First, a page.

Two characteristic temperatures are associated with thermoplastic polymers (P): they are the glass transition temperature (Tg) and the melting temperature (Tm). Tg is the temperature below which a polymer mass has several properties of inorganic glass, including hardness and rigidity. Above the Tg, the polymer mass has plastic or elastic properties and it is said to be in the rubbery or elastomeric state. Tm is also called the flow temperature in the case of amorphous polymers and the straightforward melting point when it is a question of semi-crystalline polymers. At the Tm (which is rather, in practice, a temperature zone or range), there is equilibrium between the solid elements and the molten elements of the polymer mass and consequently, in this temperature range, the latter mass is rather a viscous liquid.

Any thermoplastic polymer or copolymer whose Tm is below the decomposition temperature may be used in the process according to the present invention. Synthetic thermoplastics that have a melting range spread over at least 10° C. are particularly well suited. Examples of such materials are those that have a polydispersity of their molecular weight.

It is especially possible to use polyolefins, polyvinyl halides (PVC for example) or polyvinylidene halides (PVDF for example), thermoplastic polyesters, polyarylethersulphones such as polyphenylsulphones (PPSUs), polyketones, polyamides (PA) and copolymers thereof. Polyolefins [and in particular polypropylene (PP) and polyethylene (PE)], polyarylethersulphones such as polyphenylsulphones (PPSUs), PAs, PVCs and PVDFs have given good results.

For the purposes of the present invention, a polyarylethersulphone denotes any polymer of which at least 5% by weight of the repeat units are repeat units (R) corresponding to one or more formulae comprising at least one arylene group, at least one ether group (—O—) and at least one sulphone group [—S(═O)2—].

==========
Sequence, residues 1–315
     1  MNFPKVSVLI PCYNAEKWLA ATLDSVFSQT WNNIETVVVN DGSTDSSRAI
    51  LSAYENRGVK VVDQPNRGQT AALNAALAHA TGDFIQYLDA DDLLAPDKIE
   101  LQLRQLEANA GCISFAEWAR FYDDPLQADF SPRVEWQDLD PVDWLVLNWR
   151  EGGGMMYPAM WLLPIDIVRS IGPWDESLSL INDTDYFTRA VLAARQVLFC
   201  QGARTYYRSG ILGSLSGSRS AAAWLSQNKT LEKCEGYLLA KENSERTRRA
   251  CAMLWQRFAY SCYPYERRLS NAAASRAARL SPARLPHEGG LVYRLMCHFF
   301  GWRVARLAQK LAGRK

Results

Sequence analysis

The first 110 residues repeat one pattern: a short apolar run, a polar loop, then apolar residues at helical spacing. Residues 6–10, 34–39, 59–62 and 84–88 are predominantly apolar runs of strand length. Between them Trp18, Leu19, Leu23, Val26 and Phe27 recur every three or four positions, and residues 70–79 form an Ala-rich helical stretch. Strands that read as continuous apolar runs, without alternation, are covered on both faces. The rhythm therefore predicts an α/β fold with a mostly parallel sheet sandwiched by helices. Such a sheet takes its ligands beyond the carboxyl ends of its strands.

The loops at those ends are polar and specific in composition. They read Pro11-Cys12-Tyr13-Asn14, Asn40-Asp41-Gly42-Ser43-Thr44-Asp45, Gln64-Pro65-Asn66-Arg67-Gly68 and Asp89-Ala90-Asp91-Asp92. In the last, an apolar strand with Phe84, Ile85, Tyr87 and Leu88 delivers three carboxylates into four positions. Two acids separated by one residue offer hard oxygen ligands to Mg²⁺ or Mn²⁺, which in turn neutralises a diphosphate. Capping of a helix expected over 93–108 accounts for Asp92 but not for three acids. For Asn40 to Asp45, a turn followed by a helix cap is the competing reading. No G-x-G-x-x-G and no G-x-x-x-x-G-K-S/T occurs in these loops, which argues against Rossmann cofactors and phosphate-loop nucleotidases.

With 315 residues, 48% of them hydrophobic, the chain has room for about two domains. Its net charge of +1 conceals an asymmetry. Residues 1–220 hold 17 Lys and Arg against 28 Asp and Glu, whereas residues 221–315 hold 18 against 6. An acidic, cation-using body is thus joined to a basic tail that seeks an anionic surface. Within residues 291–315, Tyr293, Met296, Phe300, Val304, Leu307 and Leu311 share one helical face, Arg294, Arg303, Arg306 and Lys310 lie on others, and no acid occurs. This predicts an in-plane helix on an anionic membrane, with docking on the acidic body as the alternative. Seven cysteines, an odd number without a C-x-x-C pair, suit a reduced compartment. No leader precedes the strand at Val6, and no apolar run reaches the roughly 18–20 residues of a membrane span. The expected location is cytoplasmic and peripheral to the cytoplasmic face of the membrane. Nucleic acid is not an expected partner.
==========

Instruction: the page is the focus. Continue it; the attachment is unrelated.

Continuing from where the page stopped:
The polyarylethersulphone may especially be a polybiphenylethersulphone, a polysulphone, a polyethersulphone, a polyimidoethersulphone or else a blend composed of polyarylethersulphones chosen from the aforementioned polyarylethersulphones.

Such polymers that are well suited within the scope of the invention are:

    • RADEL® R polyphenylsulphones from Solvay Advanced Polymers, L.L.C. are examples of PPSU homopolymers;
    • polysulphone homopolymers sold by Solvay Advanced Polymers, L.L.C. under the trade mark UDEL®; and
    • polyethersulphones sold by Solvay Advanced Polymers, L.L.C. under the name RADEL® A.

The composition based on at least one thermoplastic polymer (P) (known hereinafter more simply as “composition”) used in the process according to the invention may be formed from a single polymer, from a blend of polymers or copolymers or from a blend of polymer material(s) with various additives (stabilizers; plasticizers; inorganic, organic and/or natural or polymer fillers, etc.). This composition may have undergone various treatments such as expansion, orientation, etc. A blowing agent may also be present, enabling expanded or foamed cellular structures to be produced. The blowing agent according to this variant of the present invention may be of any known type. It could be a “physical” blowing agent, that is to say a gas dissolved in the plastic under pressure and which causes the plastic to expand as it leaves the extruder. Examples of such gases are CO2, nitrogen, steam, hydrofluorocarbons or HFCs (such as the 87/13 wt % CF3—CH2F/CHF2—CH3 mixture sold by Solvay as SOLKANE® XG87), hydrocarbons (such as butane and pentane) or a mixture thereof. It may also be a “chemical” blowing agent, that is to say a substance (or a mixture of substances) dissolved or dispersed in the plastic and which, under the effect of the temperature, releases the gas or gases which will be used for the expansion of the plastic. Examples of such substances are azodicarbonamide and mixtures of sodium bicarbonate with citric acid. The latter give goods results.

The amount of blowing agent used in the process according to this variant of the invention must be optimized, especially according to its nature, to the properties (especially dynamic viscosity) of the polymer present and to the desired final density. In general, this content is greater than or equal to 0.1%, preferably 0.5%, or even 1%.